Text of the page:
Fa 2004 Ch 1 lecture 1

Fa 2004 Ch 1 lecture 1 - EE 3120 Linear Signals and Systems...

Info iconThis preview shows pages 1–6. Sign up to view the full content.

View Full Document Right Arrow Icon

Info iconThis preview has intentionally blurred sections. Sign up to view the full version.

View Full DocumentRight Arrow Icon

Info iconThis preview has intentionally blurred sections. Sign up to view the full version.

View Full DocumentRight Arrow Icon

Info iconThis preview has intentionally blurred sections. Sign up to view the full version.

View Full DocumentRight Arrow Icon
This is the end of the preview. Sign up to access the rest of the document.

Unformatted text preview: EE 3120 Linear Signals and Systems Chapter 1 Introduction to Signals and Systems Linear Systems and Signals Lecture 1 Introduction to signals and systems Signals: single valued functions that carry information (e.g. voice, radar, control, heart EKG, brainwaves, 2-D pictures {x,y}, 3-D video or RF electromagnetic radiation {x,y,t}) Systems: perform some kind of manipulation (processing) of signals (e.g. microphone, speaker, amplifier, demodulator) Systems can be electrical, mechanical, hydraulic, etc. Continuous time signals signals defined at every instant in time. Usually denoted f(t) for all t (-,). In reality, no signal starts from - and lasts forever but it is convenient to represent signals this way. Discrete time signals signals defined only at discrete instants of time, but have a continuous range of amplitudes Digital signals discrete time signals with discrete (quantized) amplitudes Size of a Signal Many times engineers are interested in quantifying a signal. The two most common ways of quantifying a signal is by computing the signal energy and signal power. 2 ( ) x E x t dt- = Signal Energy Defined as the area under squared signal, or the magnitude squared area. This is only a meaningful measure of the signal size if it is finite. These integrals will be finite only if the signal amplitude 0 as |t| infinity. If a signal amplitude does not eventually decay to zero, then the signal energy is infinite and the signal is NOT an energy signal. 2 ( ) x E x t dt- = Generalized for complex signals: Signal Power 2 2 2 1 lim ( ) T x T T P x t dt T- = 2 2 2 1 lim ( ) T x T T P x t dt T- = Generalized for complex signals: If the signal energy is infinite, we can calculate another measure of the signal, the time average of the energy, or the power of the signal. The signal power is the time average or mean of the signal amplitude squared. The square root of this signal power is the root-mean-squared, or RMS of a signal. The signal power can be found as long as the signal is periodic, otherwise the average may not exist. Size of a Signal The energy calculated does not indicate the actual energy signal because the energy also depends on the load. We can interpret the measurement as the energy dissipated across a normalized load of a 1-ohm resistor. x(t) 1 ohm x(t) R2 R1 A real signal source consists of an independent voltage source and a series resistance. The energy delivered to R2 depends on R1 and R2 through voltage division. We use the normalization to represent the maximum energy capability....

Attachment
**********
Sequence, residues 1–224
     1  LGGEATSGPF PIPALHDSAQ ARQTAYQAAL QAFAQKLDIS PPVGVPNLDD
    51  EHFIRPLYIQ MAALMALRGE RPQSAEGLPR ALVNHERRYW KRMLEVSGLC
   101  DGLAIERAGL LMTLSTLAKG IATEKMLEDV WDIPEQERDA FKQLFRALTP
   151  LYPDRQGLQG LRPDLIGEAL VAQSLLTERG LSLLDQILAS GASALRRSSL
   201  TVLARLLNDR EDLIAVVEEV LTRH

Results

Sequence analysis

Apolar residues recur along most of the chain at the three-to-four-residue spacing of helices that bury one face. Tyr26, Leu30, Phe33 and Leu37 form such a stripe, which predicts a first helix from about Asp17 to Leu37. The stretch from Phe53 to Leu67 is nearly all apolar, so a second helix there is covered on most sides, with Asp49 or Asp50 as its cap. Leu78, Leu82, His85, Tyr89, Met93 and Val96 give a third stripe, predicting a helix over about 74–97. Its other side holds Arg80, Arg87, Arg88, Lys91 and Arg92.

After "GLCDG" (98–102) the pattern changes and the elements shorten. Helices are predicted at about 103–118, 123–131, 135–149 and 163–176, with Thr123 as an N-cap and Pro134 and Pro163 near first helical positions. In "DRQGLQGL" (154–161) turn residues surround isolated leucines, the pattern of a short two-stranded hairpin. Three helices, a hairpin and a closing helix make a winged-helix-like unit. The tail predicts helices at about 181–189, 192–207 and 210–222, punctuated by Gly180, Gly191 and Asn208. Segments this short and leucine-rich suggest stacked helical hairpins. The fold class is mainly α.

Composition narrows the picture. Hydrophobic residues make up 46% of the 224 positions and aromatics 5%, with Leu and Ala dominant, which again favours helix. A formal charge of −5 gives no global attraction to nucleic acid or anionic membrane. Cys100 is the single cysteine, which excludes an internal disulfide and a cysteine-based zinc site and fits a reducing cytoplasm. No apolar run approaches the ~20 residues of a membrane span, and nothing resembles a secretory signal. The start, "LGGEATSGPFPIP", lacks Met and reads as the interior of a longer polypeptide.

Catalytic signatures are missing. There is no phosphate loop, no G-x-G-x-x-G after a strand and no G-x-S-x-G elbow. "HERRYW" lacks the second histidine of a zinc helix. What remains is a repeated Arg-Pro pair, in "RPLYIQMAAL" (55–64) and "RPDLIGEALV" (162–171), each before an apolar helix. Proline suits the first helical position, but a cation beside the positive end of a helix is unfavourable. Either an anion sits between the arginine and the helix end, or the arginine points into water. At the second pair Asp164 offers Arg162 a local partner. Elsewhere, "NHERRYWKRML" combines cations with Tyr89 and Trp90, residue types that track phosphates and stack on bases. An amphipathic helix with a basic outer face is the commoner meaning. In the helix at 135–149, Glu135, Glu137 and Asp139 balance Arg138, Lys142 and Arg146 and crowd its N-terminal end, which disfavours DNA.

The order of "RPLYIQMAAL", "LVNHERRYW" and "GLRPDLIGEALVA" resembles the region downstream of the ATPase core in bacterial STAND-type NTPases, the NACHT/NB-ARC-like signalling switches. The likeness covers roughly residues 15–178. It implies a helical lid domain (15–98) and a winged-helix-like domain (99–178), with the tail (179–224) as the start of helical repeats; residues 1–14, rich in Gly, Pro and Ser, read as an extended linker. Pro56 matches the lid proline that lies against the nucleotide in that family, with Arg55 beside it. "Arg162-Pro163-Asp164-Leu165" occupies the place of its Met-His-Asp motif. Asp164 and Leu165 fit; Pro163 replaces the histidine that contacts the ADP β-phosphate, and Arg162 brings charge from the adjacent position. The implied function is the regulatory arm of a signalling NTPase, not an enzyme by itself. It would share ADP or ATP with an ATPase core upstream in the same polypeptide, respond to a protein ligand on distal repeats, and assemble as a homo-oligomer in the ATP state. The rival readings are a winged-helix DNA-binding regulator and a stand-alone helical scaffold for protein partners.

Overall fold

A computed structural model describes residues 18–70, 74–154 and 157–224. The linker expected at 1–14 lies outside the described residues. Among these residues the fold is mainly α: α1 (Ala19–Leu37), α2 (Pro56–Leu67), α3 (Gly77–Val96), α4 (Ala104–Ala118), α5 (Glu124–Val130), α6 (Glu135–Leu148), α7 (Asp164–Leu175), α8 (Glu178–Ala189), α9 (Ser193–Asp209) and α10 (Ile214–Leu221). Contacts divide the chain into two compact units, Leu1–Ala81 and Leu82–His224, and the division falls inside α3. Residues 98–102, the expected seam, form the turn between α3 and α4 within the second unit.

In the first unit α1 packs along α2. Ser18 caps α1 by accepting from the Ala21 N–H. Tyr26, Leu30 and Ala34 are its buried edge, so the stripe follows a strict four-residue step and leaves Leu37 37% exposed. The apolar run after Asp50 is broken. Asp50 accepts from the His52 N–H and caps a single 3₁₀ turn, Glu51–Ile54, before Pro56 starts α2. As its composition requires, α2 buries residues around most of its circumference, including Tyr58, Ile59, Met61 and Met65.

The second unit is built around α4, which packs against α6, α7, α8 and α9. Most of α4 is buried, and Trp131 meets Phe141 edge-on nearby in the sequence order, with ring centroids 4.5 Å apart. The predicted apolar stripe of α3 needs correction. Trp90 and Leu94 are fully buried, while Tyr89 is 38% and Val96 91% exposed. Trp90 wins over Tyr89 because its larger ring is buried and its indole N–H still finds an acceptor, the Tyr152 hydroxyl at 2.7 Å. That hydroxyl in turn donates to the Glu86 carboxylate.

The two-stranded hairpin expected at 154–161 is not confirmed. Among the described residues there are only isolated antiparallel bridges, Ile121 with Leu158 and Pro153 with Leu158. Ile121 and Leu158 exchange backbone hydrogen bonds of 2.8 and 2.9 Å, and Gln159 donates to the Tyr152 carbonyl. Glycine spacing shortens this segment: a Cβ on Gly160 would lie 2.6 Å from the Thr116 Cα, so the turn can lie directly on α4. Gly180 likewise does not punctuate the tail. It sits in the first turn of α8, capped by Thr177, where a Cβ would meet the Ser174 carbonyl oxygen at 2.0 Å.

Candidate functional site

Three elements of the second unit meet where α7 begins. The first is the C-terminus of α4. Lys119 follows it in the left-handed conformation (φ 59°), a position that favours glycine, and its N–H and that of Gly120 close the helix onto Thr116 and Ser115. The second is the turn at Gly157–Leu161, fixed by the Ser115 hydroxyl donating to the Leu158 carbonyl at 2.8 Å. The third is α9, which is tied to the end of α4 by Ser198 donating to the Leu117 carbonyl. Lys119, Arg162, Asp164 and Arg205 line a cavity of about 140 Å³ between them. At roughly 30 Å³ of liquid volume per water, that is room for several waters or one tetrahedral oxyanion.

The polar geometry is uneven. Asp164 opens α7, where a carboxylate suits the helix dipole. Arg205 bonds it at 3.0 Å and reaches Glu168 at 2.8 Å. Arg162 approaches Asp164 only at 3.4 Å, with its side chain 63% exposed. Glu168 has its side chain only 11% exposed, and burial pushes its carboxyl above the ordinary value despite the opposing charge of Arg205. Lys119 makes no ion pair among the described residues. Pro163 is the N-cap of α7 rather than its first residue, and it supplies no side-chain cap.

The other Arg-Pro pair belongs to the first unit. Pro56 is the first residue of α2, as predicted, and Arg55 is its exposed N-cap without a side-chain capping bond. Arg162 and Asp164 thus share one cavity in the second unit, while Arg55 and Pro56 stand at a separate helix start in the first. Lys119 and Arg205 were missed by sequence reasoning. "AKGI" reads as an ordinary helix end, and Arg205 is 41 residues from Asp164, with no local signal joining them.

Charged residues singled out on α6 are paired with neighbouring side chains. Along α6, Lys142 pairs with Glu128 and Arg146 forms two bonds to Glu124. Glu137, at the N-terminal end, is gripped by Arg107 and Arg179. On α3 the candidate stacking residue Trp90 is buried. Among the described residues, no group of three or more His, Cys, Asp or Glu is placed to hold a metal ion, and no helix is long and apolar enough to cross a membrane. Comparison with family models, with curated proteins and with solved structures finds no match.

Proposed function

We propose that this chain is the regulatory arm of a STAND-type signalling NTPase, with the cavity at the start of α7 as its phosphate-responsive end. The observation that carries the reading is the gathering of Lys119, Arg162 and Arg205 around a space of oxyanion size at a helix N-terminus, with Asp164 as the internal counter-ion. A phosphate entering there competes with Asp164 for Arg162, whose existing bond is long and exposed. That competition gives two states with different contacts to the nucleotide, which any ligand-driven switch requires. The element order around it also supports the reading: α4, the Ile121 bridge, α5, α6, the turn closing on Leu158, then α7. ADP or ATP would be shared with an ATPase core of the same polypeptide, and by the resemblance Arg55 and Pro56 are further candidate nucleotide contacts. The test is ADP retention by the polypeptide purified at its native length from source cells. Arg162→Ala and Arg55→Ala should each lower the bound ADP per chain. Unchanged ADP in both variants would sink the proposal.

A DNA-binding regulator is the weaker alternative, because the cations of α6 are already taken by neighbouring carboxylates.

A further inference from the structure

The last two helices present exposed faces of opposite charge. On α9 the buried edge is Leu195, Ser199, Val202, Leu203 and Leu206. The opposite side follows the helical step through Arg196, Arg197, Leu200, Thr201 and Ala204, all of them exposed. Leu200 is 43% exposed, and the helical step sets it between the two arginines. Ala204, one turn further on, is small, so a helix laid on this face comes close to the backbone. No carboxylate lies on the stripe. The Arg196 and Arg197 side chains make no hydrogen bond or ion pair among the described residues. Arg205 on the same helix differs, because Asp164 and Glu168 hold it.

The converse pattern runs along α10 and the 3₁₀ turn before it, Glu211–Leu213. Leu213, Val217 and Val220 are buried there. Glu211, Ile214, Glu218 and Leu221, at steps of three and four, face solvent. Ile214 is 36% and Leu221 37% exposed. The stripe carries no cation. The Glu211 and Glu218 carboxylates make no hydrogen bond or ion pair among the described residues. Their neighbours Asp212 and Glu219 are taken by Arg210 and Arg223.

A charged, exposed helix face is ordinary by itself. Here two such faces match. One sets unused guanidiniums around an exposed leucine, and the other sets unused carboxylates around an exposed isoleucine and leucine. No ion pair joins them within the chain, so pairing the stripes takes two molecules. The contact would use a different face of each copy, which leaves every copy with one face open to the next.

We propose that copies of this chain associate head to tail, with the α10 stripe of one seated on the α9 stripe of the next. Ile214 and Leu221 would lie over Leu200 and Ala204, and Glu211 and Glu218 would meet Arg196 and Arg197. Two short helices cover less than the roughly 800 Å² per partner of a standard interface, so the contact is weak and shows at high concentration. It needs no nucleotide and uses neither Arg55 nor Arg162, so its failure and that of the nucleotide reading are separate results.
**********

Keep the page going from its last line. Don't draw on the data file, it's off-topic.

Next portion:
View Full Document

Page1 / 27

Fa 2004 Ch 1 lecture 1 - EE 3120 Linear Signals and Systems...

This preview shows document pages 1 - 6. Sign up to view the full document.

View Full Document Right Arrow Icon
Ask a homework question - tutors are online